[dlc-dev] Fraud Proofs for V0

Nadav Kohen nadavk25 at gmail.com
Tue Feb 23 08:51:04 CET 2021


Hey guys,

> It's quite unclear to me where this proof would come from, and why the
user would import it. If the user is already convinced that the oracle
misbehaved, they can just blacklist the oracle themselves, not sure what
importing a proof does. And my concern with something that couldn't be
verified automatically is that it's cheap to just release a fraud proof
message all the time, making it difficult to assess which are genuine and
which are just spam.

The goal of having a standard format for reporting fraud is so that it will
make it *easier* for users to be convinced that an oracle misbehaves. You
could imagine having someone post one of these standardized fraud proofs to
the Suredbits oracle explorer for example and then if a DLC user is
convinced that this does represent fraud, they can download the
standardized message and paste/import it into their DLC client which would
then independently validate the sigs and show the validated data and ask
for confirmation, after which the DLC client would add the oracle to a
blacklist and could even keep the fraud proof around so that if the user is
ever given an offer using the blacklisted oracle they can not only display
something nice to the user reminding them of what the fraud was but they
can even give this fraud proof to the counterparty in an offer rejection
message.

All in all I agree that it is a somewhat tricky thing to have fraud proof
handling due to its generally non-automatic (i.e. manual) nature but I
don't think that invalidates the utility of having a standardized message
serialization, and while it is true that I could generate frivolous fraud
proofs at will, this is only actually an issue in a P2P setting (e.g. where
fraud proofs are gossipped) and should be handled there independently as
just another DoS/spam vector (where one solution is simply don't gossip
these things).

Furthermore, since this piece of work is essentially needed in order to
create the compound fraud proofs which can be automatically verified
(equivocation) I figured that it would be reasonable to add to the spec.

> "Aggregate" signatures are not sound and not suitable for fraud proofs
without the proof of knowledge (i.e. signature) on R at the moment I think.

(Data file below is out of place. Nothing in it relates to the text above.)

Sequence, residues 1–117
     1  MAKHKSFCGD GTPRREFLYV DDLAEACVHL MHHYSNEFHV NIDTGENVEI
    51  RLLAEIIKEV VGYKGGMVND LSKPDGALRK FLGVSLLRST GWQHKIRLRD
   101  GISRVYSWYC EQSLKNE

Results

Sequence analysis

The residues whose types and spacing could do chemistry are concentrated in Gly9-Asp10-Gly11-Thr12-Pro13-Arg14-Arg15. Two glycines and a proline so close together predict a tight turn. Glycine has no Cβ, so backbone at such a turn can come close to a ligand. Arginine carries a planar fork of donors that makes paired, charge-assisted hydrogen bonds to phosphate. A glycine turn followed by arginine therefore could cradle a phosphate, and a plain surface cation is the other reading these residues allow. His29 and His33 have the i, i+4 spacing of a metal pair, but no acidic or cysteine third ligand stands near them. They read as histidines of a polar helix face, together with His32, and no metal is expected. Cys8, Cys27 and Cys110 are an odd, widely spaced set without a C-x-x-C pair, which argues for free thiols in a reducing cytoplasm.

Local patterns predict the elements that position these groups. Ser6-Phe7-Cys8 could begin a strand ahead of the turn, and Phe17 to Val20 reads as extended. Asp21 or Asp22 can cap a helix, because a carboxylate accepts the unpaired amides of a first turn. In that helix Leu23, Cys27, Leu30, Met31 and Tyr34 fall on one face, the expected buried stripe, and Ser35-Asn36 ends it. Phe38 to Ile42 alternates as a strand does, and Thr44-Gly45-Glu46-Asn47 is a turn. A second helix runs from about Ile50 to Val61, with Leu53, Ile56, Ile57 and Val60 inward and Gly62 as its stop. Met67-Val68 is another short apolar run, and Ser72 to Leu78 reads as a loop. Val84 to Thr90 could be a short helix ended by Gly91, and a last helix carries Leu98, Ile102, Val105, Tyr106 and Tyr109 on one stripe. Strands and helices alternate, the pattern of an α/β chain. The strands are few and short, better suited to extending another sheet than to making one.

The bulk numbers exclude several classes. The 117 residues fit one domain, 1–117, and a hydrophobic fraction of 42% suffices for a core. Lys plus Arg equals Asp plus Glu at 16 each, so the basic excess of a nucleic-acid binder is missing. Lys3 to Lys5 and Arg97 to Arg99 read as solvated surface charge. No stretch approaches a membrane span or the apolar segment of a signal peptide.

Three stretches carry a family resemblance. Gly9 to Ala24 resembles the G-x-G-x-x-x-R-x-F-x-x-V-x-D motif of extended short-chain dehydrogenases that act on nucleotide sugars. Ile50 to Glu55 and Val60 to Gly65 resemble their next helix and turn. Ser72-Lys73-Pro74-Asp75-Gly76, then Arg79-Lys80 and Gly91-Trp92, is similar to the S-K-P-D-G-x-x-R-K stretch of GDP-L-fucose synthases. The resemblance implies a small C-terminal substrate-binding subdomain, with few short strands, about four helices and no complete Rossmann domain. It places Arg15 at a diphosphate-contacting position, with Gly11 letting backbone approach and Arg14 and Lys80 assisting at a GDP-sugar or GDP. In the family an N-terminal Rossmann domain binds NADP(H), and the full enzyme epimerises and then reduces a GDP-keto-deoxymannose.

> Whether aggregate attestations are included in v0 I leave completely up
to you guys but wanted to just point this out.
> Single oracle signatures are obviously sound and represent a fraud proof
in of themselves like you said.

Thanks for noting this Lloyd, this is totally right we will need to include
the proofs of knowledge noting that this should be handled in the oracle
announcement in my vision of this.

I personally think it is important to include these aggregate attestations
in v0 as this is a necessary piece of multi-nonce (numeric) as well as
multi-oracle DLCs.

> At the moment I was only thinking about having fraud proofs that contain
directly oracle signatures, I think I somehow understand what you have in
mind, but I'm not sure it's realistic (or reasonable to expect) to have
that specified and implemented for v0.

While this makes sense if we model oracles as having public broadcast
channels, in reality this is never really the case and they always could
have private back-channels. As such I think it is important to have a fraud
proof which can be constructed from on-chain information alone without the
requirement that you have access directly to the fraudulent oracle
signatures.

Furthermore I disagree that this is not a realistic piece of work for v0
because (judging from my implementation anyway) there is no real extra work
to be done to make this happen that isn't already being done. Given oracle
signatures, DLC client implementations must compute the associated
aggregate outcome and its signature point, and given a
counterparty-broadcasted on-chain CET, bitcoin-s computes this same